2.4. GC-MS Analysis of L. pubescens

Volatile compounds were extracted and analyzed using a previously reported GC-MS method [27]. GC-MS analysis was performed on a 7820A GC/5977E MSD (Agilent, Santa Clara, CA, USA) with an HP-5 (30 m × 0.25 mm ID, film thickness 0.25 µm) fused-silica capillary column (Agilent, USA). Helium was used as the carrier gas at a flow rate of 1.0 mL/min. For GC-MS detection, an electron ionization system, with system energy of 70 eV, trap current of 250 µA, and an ion source temperature of 200 °C, was used. The oven temperature program was the same as that described for GC, and injections were used in the splitless mode. The column temperature was maintained at 35 °C for 2 min and programmed as follows: Increase from 50 to 250 °C at a rate of 10 °C/min and hold at 250 °C for 10 min. Fresh samples of each plant part (2.0 g) were placed in a 15 mL thermostatted vial that has a rubber septum. During the SPME extraction procedure, the SPME fiber was introduced for 12 h into the thermostatted vial (RT). For this analysis, a 1 cm, 50/30 µm polydimethylsiloxane/divinylbenzene/carboxen-coated fiber was used. The fiber was conditioned in a GC injection port for 1 min prior to use. The absorbed component was injected into a gas chromatograph by desorption at 250 °C for 2 min in the injector (splitless mode).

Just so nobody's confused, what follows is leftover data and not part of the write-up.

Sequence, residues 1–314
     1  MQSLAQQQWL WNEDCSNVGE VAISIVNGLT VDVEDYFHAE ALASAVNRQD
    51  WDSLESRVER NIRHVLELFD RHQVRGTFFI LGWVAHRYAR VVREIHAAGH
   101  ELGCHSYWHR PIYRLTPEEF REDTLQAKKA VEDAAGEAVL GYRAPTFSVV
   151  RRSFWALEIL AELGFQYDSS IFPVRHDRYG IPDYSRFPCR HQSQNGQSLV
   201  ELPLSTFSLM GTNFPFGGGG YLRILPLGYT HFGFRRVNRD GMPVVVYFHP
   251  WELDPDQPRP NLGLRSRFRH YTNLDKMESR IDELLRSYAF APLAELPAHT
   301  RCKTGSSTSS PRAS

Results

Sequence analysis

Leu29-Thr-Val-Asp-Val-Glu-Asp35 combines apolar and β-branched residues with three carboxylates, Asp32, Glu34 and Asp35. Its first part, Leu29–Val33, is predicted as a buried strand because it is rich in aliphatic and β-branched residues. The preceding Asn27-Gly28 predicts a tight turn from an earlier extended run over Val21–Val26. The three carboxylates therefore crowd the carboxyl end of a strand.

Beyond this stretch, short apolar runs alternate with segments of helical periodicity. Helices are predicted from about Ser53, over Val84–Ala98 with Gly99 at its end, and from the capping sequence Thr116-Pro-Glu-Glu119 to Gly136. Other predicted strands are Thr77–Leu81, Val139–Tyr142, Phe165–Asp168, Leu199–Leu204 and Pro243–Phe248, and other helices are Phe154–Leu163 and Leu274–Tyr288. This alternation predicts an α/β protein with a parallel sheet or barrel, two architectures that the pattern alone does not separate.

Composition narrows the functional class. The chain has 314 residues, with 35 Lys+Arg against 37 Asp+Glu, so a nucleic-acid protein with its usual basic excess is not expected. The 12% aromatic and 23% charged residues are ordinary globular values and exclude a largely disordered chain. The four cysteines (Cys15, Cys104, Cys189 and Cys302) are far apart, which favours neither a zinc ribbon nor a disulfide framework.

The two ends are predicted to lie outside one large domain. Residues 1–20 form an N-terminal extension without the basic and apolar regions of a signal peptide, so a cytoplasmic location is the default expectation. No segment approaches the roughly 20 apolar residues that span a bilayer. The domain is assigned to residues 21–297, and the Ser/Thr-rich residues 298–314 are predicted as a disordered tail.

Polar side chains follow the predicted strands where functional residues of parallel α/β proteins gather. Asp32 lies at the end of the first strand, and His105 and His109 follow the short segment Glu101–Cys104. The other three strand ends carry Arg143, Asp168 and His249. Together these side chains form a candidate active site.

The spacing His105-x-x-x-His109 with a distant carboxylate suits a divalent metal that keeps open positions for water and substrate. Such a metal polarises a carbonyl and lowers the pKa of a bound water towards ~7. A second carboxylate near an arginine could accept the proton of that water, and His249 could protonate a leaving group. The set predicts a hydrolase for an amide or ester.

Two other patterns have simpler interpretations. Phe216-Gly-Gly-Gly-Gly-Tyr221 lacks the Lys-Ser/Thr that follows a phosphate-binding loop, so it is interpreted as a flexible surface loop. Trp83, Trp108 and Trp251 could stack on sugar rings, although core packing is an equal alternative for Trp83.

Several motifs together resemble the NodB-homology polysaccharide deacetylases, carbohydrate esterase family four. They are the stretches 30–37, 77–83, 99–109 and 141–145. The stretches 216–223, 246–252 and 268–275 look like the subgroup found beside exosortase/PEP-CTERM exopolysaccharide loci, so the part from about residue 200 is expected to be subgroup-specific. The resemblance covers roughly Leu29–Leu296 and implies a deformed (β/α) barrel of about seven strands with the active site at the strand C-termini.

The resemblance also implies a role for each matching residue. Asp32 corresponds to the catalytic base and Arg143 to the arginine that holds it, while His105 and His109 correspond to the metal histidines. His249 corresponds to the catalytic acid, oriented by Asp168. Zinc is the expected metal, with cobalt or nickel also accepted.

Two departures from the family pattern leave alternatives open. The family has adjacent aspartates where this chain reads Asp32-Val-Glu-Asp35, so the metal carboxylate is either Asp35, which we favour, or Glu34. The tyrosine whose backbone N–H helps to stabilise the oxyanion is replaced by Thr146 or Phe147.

2.5. Antibacterial Screening

2.5.1. Disk Diffusion Method

A 0.1 OD600 of the different overnight bacterial cultures was swabbed on a 25 mL LB agar plate. Whatman disk was then placed on the plates. A 30 µL sample of different solvent extracts of L. pubescens was added to the sterilized disk (Whatman No. 1 paper, 6 mm diameter) and incubated overnight at 37 °C. For screening of the different plant organs, the powdered samples were dissolved in ethyl acetate, and the resulting extract was added to the Whatman disk. Streptomycin (250 µg/mL) was used as the standard antibacterial agent. The experiment was performed in triplicate.

2.5.2. Minimum Inhibitory Concentration

The minimum inhibitory concentration (MIC) of the L. pubescens extracts was established according to the method of Abdullah Al-Dhabi et al. [28] by using 96-well plates. A 1 mg/mL extract was dissolved in water with 2% DMSO. The initial extract concentration was 50 µL crude extract, which was then serially diluted two-fold (1.5625 to 50 µL). Each well had 100 µL of LB broth. Then, extracts were added at the concentrations described above. A 5 µL suspension containing 108 CFU/mL of each of the six bacterial strains was added to the 96-well plate and incubated at 37 °C for 17 h. After the incubation time, the minimum inhibitor concentration was determined by the lowest visible growth in LB broth. The experiment was performed in triplicate.

3. Results

3.1. GC-MS Analysis of L. pubescens

Chemical composition of the essential oils of different organs of L. pubescens, such as the roots, stems, leaves, and flowers, were identified by GC-MS analysis. Most of the essential oils from different organs were characterized by the dominant presence of terpenes, including monoterpenes, diterpenes, and sesquiterpenes (Table 1). The oil from the leaves contained nine monoterpenes—neo-allo-ocimene (21.91%), p-cymenene (18.15%), terpinolene (3.31%), isothymol methyl ether (2.8%), m-cymene (2.1%), γ-terpinene (1.64%), carvacrol (0.78%), 2,5,5-trimethyl-1,3,6-heptatriene (0.76%), and trans-3-caren-2-ol (0.76%); nine sesquiterpenes—alloaromadendrene (2.45%), caryophyllene (2.45%), β-bisabolene (0.96%), α-muurolene (0.17%), (−)-β-elemene (0.16%), β-ylangene (0.13%), β-guaiene (0.11%), α-calacorene (0.11%), and acoradien (0.07%); and one diterpene—jolkinol D (0.16%), comprising 94.62% of the total leaf-derived essential oil.